Eligible patients were randomized 2:1 by precoded envelopes to receive either the combination of RTX and rhTPO or RTX alone. RTX was given at a fixed dose of 100 mg weekly for 4 weeks. For the combination group, rhTPO was given concomitantly at a daily dose of 300 U/kg subcutaneously during the first 14 days. The dose frequency of rhTPO was adjusted as follows: (1) rhTPO was given once a day at the beginning to achieve platelet response (platelets ≥30 × 109/L), (2) rhTPO was administered every other day when platelets ascended above 100 × 109/L, and (3) withdrawal of rhTPO could be performed when platelets rose above 300 × 109/L in <14 days.

Study outcomes

The primary end points were complete response (CR), response (R), no response (NR), and relapse during the follow-up period. Secondary end points included TTR, time to relapse (duration of response), and adverse events. The criteria for response were defined as follows: (1) CR: platelet count ≥100 × 109/L and absence of bleeding, (2) R: platelet count ≥30 × 109/L and at least 2-fold increase of the baseline platelet count and absence of bleeding, and (3) NR: platelet count <30 × 109/L or <2-fold increase of the baseline platelet count or bleeding. Loss of CR (or R) was defined as a platelet count <100 × 109/L (or 30 × 109/L) measured on 2 occasions more than 1 day apart and/or the presence of bleeding.7 TTR and time to relapse (duration of response) were defined as the time from baseline to response and the duration from response (CR and R) to relapse, respectively. Response (CR and R) lasting for at least 6 months without any ITP-specific treatments was regarded as sustained response. During the follow-up period, patients were not allowed to receive concomitant medications. Platelet counts were monitored weekly during the first month of treatment, then at biweekly intervals up to the sixth month and monthly thereafter. Adverse events were recorded and graded according to the Common Toxicity Criteria version 2.0.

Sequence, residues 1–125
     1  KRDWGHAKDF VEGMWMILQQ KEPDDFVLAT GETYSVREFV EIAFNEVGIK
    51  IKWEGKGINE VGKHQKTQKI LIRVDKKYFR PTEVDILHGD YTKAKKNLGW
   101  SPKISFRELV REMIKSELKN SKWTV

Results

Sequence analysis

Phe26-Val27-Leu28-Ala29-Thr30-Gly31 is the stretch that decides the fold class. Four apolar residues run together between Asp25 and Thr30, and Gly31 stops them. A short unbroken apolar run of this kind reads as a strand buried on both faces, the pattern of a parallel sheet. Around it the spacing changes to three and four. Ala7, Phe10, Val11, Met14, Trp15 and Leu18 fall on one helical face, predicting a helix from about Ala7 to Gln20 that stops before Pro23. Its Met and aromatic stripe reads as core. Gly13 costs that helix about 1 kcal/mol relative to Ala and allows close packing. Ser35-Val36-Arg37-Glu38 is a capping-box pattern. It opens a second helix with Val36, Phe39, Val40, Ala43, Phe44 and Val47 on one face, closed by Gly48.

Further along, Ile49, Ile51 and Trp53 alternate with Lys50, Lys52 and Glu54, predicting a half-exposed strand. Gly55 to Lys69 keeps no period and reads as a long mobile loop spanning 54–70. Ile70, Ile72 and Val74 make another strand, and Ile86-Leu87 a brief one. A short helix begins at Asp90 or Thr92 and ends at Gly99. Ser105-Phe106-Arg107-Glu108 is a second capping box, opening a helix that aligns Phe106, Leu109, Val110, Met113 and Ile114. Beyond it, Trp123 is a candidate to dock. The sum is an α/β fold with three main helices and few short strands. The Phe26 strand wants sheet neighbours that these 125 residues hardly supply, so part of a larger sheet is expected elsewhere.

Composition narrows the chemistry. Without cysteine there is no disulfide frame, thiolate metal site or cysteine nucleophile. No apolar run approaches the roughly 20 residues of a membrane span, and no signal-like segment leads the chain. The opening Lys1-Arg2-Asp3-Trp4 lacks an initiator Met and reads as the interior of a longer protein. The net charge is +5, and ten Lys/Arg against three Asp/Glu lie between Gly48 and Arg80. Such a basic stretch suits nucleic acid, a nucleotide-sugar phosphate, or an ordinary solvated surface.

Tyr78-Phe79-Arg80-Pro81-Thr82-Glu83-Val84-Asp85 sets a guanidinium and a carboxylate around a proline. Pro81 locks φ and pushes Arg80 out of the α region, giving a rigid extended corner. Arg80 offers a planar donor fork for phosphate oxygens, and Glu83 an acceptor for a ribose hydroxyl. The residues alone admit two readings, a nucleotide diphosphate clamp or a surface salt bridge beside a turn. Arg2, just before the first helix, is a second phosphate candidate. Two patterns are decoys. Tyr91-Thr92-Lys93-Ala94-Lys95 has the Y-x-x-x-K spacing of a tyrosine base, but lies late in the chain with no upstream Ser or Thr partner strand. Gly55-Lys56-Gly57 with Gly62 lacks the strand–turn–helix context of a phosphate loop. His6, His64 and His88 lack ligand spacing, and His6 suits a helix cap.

Statistical analysis

Differences in achieving CR, R, NR, or relapse between the 2 groups and differences in adverse events were analyzed by the Fisher’s exact test. For descriptive statistics, the Mann-Whitney U test, Wilcoxon signed-rank test, and Fisher’s exact test were used. Logistic regression was used to estimate the association of patients’ age, gender, and presence of autoantibodies with response or relapse. P values below .05 were considered statistically significant.

Results

Patient enrollment and follow-up

Patients were enrolled into this study from January 2012 to December 2013. A total of 123 patients were recruited and randomized to receive RTX + rhTPO (n = 83) or RTX alone (n = 40). Reasons for exclusion included withdrawn consent (n = 6) and secondary ITP (n = 2; one patient was diagnosed with lymphoma in the second week after enrollment, and the other patient had aplastic anemia but was atypical in the initial bone marrow examination). A total of 115 cases were analyzed, with 77 cases in the RTX + rhTPO group and 38 cases in the RTX group (Figure 1). The median (range) follow-up time in the RTX + rhTPO group and the RTX group was 15 (3-27) months and 13 (6-27) months, respectively. During the follow-up period, responses were evaluated and adverse events were recorded. All patients (except one who died in the third month) were followed for at least 6 months.

Figure 1

Flowchart indicating the 2 randomized groups.